Problem: What problem is this project trying to address?
Economic Conditions, Political Structures, Norms and Values
Jamaica’s economic situation is worrying. Because of the steady decline of national growth and unemployment ration over the last 5 years Jamaica has had to seek assistance from the IMF. Currently the unemployment rate stands at 12.90%, which is 3.64% increase over the last year and a 13.16% increase over the last five years. As a result of this poverty has increased and many youths turn to illegal means to support themselves. The current political structure is democratic and operates under a West Minister system. The current party in power is the Jamaica labour government which came into power in late 2007. The majority of the older persons are highly nationalistic even though most persons tend to believe that economic prosperity will only come if they migrate to work overseas and then return later, which is what many persons have done. The younger population who are not currently employed is not as nationalistic and tend to have a get rich quick mindset. Those who may have gone unto higher education though do tend to have a high work ethic.
Jamaica received its independence from Briton in 1962 and has had two major ruling parties since then who has had successive turns at governance. During the 1980s it experienced an age of civil unrest because of the political and economic conditions. In 1999 there was a riot as a result of increasing gas prizes. In May 2010, there was a localized civil on rest in the inner city community of Tivolli in West Kingston. The Country has been relatively stable since then and over time in general.
2,868,380 (2011 est.), 2,804,334 (July 2008 est.)
0–14 years: 12.5 % (male 464,297/female 449,181)
15–64 years: 59.6% (male 808,718/female 835,394)
65 years and over: 7.3% (male 90,100/female 110,434) (2006 est.)
Population growth rate
0.7% (2006 est.)
20.82 births/1,000 population (2006 est.) There were a total of 45,600 births in 2007. (46,300 in 2006 and 47,000 in 2005 resulting in a birth rate of 17.0 per 1000 in 2007.
6.55 deaths/1,000 population (2006 est.)[Note: Birth-Death+Net mig=Pop increase --> 20.82-X-6.27=8 --> X=6.55]
Net migration rate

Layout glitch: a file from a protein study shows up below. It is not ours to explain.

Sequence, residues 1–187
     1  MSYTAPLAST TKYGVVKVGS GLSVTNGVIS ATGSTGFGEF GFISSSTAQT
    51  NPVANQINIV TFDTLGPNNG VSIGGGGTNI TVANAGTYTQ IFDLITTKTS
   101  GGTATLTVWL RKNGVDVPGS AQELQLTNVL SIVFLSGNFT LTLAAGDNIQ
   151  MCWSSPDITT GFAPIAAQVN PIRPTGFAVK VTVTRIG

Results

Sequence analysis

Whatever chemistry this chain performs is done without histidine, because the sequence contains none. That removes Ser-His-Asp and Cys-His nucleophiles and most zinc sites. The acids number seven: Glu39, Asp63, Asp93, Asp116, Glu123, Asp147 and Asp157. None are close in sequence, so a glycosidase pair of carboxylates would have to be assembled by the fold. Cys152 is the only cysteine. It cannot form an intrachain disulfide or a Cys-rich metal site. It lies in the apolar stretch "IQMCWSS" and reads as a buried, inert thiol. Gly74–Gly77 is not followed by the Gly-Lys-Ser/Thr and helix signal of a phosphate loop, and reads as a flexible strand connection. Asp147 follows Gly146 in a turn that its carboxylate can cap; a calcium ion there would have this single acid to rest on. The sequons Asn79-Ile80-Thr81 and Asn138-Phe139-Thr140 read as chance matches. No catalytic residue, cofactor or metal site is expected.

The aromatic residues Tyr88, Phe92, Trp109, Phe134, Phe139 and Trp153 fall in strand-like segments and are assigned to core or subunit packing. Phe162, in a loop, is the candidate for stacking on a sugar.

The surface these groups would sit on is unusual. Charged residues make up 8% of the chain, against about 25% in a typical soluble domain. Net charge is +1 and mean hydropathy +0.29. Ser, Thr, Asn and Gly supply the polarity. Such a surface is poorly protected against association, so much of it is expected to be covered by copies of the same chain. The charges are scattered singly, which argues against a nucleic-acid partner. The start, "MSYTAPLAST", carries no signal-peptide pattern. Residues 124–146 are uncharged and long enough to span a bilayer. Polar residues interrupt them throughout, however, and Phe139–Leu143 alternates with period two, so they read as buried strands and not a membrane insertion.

-6.27 migrant(s)/1,000 populations (2006 est.)
practical: 1.05 male(s)/female
under 15 years: 1.03 male(s)/female
15-64 years: 0.97 male(s)/female
65 years and over: 0.82 male(s)/female
total population: 0.98 male(s)/female (2006 est.)
Infant mortality rate
total population: 15.98 deaths/1,000 live births
male: 16.66 deaths/1,000 live births
female: 15.27 deaths/1,000 live births (2006 est.)
Life expectancy at birth
total population: 73.24 years
male: 71.54 years
female: 75.03 years (2006 est.)
Total fertility rate
children born/woman (2010 est.)
• 2.41 children born/woman (2006 est.)
This topic is somewhat contentious with several respected sources giving different figures. In alphabetic order these are:
• black 91.2%, mixed 6.2%, other or unknown 2.6% (2001 census).
• University of the West Indies: 76.3% African descent, 15.1% Afro-European, 3.4% East Indian and Afro-East Indian, 3.2% Caucasian, 1.2% Chinese and 0.8% Other.
Protestant 62.5% (including Church of God 23.7%, Seventh-Day Adventist 10.8%, Pentecostal 9.5%, Baptist 7.2%, Anglican 3.6%) Roman Catholic 2.6%, Other or unspecified 14.2% None 20.9%
English (official), Jamaican Patois
definition: age 15 and over who has ever attended school
total population: 87.9%
female: 91.6% (2003 est.)
Experience with Engagement Efforts
There have been several attempts to engage the youth population in economic activities which have been successful in terms increasing job opportunities. These engagement efforts have reaped some rewards in terms of the educational and job possibilities that young persons are able to attend to. One set back however is that when the engagement involves funds to set up business ventures, since those funds usually requires securities and guarantors, the effort is usually unsuccessful because most persons are not able to put forward such securities or engage guarantors.
Solution: What is the proposed solution? Please be specific!
An Entrepreneurial Paradigm Shift Through Education
One of the major problems of Jamaica and the Caribbean is a phobia of communicating through writing. As a result of this, students find the educational experience to be un-stimulating, difficult and goals hard to accomplish or un-attainable. This phobia of writing affects general academic outcomes and translates into the larger society where both written and verbal communication becomes problematic. There is also the fact that, even though there are some well-established names in literature form Jamaica and the Caribbean, this is still minuscule in comparison with the population of Jamaica and the Caribbean. Many persons both student and the general populace alike do not see writing as a viable economic alternative that can impact a wider population. There are however viable economic opportunities in the field of writing that several persons can make use of if they are taught how to do this. This project/innovation aims to do just that. There is also the problem low unemployment rates among the general populace and the worrying situation of rising unemployment for high, college and university graduates. Such persons are unable to find suitable if any employment and this affect moral, create deprivation and a burden to families and society as well as crime such as scamming and drug pushing among the youths.